You are not logged in. LOG IN NOW >

Can the Internet Counter the Coming Gusher of Money in Politics?

BY Micah L. Sifry | Thursday, January 21 2010

It's interesting to see how the Internet factors into the Supreme Court's earthshaking decision in the Citizens United case to overturn a century's worth of jurisprudence restricting corporate and union money in politics. I'm going to skip over all the details of the case, and the equally troubling question of judicial activism, as these are really topics beyond the purview of techPresident and are already being hotly debated elsewhere. But to understand how the majority and minority justices in this landmark case discuss the role of the internet in our political ecosystem, you need to understand this much of the larger frame.

To Justice Anthony Kennedy, writing for the majority, the First Amendment rights of corporations shall not be infringed, and therefore current campaign finance law restricting independent expenditures on political advertising occurring within 30 days before an election to being paid solely with "hard" political action committee money, is a violation of their free speech rights. To the degree that he recognizes any reason for limits on money in politics, it is on direct donations to candidates, which he admits could be corrupting, and that the state's interest in preventing corruption or the appearance of corruption can justify such limits. Not so for independent expenditures. He then notes:

Shareholder objections raised through the procedures of corporate democracy, ...can be more effective today because modern technology makes disclosures rapid and informative. A campaign finance system that pairs corporate independent expenditures with effective disclosure has not existed before today. It must be noted, furthermore, that many of Congress’ findings in passing BCRA were premised on a system without adequate disclosure. See McConnell, 540 U. S., at 128 (“[T]he public may not have been fully in- formed about the sponsorship of so-called issue ads”); id., at 196–197 (quoting McConnell I, 251 F. Supp. 2d, at 237). With the advent of the Internet, prompt disclosure of expenditures can provide shareholders and citizens with the information needed to hold corporations and elected officials accountable for their positions and supporters. Shareholders can determine whether their corporation’s political speech advances the corporation’s interest in making profits, and citizens can see whether elected officials are “‘in the pocket’ of so-called moneyed interests.” 540 U. S., at 259 (opinion of SCALIA, J.); see MCFL, supra, at 261. The First Amendment protects political speech; and disclosure permits citizens and shareholders to react to the speech of corporate entities in a proper way. This transparency enables the electorate to make informed decisions and give proper weight to different speakers and messages.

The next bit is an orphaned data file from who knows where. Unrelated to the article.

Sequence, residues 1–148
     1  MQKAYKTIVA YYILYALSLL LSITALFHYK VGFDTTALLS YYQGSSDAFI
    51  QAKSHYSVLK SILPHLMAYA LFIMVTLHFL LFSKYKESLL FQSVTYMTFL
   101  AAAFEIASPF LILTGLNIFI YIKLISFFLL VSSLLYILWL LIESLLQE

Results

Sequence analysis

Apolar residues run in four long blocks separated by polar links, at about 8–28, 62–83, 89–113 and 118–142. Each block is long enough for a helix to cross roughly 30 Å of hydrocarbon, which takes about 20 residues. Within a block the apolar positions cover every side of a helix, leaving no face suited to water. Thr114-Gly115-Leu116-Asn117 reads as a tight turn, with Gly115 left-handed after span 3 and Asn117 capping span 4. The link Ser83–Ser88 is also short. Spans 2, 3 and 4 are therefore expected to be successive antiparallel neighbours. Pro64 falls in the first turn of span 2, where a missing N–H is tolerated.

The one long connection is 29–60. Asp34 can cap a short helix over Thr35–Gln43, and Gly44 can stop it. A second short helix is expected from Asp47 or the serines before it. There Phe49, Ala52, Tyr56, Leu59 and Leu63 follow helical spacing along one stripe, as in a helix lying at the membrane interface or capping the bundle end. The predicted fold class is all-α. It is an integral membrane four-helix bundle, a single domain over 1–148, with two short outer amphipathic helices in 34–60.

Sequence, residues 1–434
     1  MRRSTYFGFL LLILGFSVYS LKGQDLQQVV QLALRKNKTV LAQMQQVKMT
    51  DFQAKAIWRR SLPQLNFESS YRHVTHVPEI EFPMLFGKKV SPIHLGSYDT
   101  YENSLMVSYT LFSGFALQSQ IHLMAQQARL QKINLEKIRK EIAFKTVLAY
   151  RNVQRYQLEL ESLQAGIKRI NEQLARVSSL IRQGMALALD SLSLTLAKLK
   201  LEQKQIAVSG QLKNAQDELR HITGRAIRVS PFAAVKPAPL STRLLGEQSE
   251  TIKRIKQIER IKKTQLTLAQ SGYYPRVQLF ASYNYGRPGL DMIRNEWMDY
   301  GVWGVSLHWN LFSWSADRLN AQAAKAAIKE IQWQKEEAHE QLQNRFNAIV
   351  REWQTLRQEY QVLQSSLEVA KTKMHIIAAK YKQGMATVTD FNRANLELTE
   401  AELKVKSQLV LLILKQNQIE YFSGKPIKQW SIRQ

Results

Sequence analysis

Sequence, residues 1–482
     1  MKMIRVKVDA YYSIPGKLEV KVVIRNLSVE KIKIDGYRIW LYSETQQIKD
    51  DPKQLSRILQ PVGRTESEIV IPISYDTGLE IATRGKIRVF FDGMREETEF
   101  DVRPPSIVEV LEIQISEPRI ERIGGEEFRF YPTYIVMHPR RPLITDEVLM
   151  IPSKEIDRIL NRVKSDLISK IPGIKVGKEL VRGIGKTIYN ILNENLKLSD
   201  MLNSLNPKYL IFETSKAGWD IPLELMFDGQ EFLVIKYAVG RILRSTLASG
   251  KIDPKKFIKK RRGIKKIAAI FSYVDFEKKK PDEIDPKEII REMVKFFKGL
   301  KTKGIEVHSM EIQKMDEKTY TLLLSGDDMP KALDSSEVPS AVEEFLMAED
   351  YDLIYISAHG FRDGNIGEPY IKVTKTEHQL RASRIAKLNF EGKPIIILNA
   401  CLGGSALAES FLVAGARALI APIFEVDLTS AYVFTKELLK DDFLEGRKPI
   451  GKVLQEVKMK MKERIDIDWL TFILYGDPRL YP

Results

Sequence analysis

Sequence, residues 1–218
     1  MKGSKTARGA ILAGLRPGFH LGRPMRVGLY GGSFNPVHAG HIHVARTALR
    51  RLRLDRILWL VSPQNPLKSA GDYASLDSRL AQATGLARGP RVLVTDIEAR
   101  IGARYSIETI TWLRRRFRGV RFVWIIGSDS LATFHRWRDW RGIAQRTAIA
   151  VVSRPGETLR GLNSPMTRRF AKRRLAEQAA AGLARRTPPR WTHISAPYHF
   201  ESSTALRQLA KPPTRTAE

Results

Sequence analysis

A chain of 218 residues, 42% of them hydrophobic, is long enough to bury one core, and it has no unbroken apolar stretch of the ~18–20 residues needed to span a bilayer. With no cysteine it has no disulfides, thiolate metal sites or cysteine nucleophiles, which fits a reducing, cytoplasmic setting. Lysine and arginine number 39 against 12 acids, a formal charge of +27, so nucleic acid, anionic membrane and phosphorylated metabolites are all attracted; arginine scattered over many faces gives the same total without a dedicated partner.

[Emphasis added.]

I think Justice John Paul Stevens' simple dissent on this point says what needs to be said about this notion:

Modern technology may help make it easier to track corporate activity, including electoral advocacy, but it is utopian to believe that it solves the problem.

The truth is, we don't have prompt disclosure of money in politics. Campaign donations are reported weeks, even months, after the fact. The Senate still files its campaign finance reports on paper (!), forcing the FEC to re-keypunch their data and delaying vital disclosure of who is funding their campaigns by more months. Lobbyists only report quarterly, and only say which chamber they lobbied, not which Members or on what legislative topics. Even if we did have real-time online disclosure of money in politics, it's far from clear that the free (as in cheap) speech enabled by the internet plus the watchdogging efforts of networked citizens can genuinely counterbalance the power of concentrated money in distorting democracy. If that were already so, nobody would run political ads on TV, would they?

Likewise the ameliorating effects of small donors in politics. It's certainly a welcome development, and now that people are beginning to get comfortable making donations via SMS, small money in politics may grow even faster (assuming the telcos loosen their greedy hold on money donated via texting). But can small donors really compete with Exxon-Mobil's corporate treasury, which grew by $45 billion in profits in 2008 alone? (That's billion with a b.) Over on the ActBlue blog, Matt deBergalis notes that the Democratic site has aggregated $118 million in small donations since its founding in 2004. That's a terrific achievement that small-d democrats of all political stripes can and do respect. But it's nowhere close to what the Court has now licensed, in terms of direct spending from corporate and union treasuries.

As Stevens concludes: "...the Court’s opinion is thus a rejection of the com­mon sense of the American people, who have recognized a need to prevent corporations from undermining self­ government since the founding, and who have fought against the distinctive corrupting potential of corporate electioneering since the days of Theodore Roosevelt. It is a strange time to repudiate that common sense." Indeed.